45. As a stage act, seventh Doctor Sylvester McCoy stuffed ferrets down his trousers!

46. Not a lot of people know that McCoy was once a bouncer for the Rolling Stones.

47. The last scene recorded in the original series was of two women turning to stone in the story Ghost Light.

48. A 1993 Children in Need special saw several previous Doctors and companions arrive in Albert Square.

49. The 1996 TV Movie starring Paul McGann was based in America, but actually shot in Canada.

50. The film was dedicated to the memory of Jon Pertwee, who had died a few days before its broadcast on BBC One.

51. Christopher Eccleston was the first actor to be cast for the role who was younger than the show itself.

52. Murray Gold's re-worked title music contains elements from the original 1963 recording by the BBC Radiophonic Workshop. The original tape loops had been found and preserved in the 1990s.

53. At the time of her hit Because We Want To, Billie Piper was the youngest solo female artist to have a number one song in the UK.

54. Following the episode Father's Day filmed in a church in Grangetown, Cardiff, several fans of the show chose to get married at the same location.

55. There are currently three TARDIS props. Two are made from wood, and one from lightweight fibreglass.

56. There are just four working Dalek props. Computer graphics and careful shooting are used to create an army of the Doctor's deadliest enemy.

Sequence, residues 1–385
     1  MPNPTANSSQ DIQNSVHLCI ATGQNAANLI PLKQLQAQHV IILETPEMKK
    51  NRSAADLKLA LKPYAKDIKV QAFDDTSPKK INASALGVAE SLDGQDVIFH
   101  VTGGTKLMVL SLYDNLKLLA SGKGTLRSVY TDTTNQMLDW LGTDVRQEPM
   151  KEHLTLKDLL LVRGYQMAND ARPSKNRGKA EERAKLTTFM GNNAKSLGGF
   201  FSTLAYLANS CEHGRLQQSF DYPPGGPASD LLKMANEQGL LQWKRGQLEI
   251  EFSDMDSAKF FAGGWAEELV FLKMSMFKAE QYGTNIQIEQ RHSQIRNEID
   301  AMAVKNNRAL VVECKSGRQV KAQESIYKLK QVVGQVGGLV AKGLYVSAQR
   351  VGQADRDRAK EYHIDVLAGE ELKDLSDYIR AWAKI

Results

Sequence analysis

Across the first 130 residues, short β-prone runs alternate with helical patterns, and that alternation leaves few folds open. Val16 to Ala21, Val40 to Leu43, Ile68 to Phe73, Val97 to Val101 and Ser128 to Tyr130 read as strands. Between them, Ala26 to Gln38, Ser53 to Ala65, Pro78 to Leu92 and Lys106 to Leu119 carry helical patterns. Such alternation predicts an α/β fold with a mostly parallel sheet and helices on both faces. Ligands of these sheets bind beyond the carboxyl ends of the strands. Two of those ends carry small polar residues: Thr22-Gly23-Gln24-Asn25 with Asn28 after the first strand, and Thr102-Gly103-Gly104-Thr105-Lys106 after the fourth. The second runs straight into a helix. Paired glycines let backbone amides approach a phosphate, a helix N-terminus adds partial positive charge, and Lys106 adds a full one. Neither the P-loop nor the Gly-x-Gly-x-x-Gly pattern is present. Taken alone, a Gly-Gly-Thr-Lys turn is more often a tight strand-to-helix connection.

57. Ten Cybermen suits were created for their return in 2006, plus two lightweight versions.

58. Victorian Cardiff for the story The Unquiet Dead was actually filmed in Swansea.

59. The sound of the Slitheen eyelids is created by rustling a piece of paper.

60. The first scene recorded of the new BBC Wales-produced draft was of Christopher Eccleston chasing a space pig through a hospital corridor.

61. Christopher Eccleston's battered leather jacket was bought in a second-hand store.

62. Writer Russell T Davies used to work on children's programme, Why Don't You?

63. Several Blue Peter presenters have appeared in Doctor Who, including Janet Ellis and Sarah Greene. Current presenter Gethin Jones played a Cyberman in 2006.

64. When filming at the Globe Theatre in London, the production crew brought inflammable Welsh straw with them to meet fire regulations.

65. Martha Jones is the Doctor's current companion. The production team consists of a further 10 people whose surname is Jones.

66. The landscape of new New York in the year 5 billion was actually filmed at the Gower Peninsula.

67. Christopher Eccleston's on-screen credit was 'Doctor Who'. David Tennant is credited as 'The Doctor'.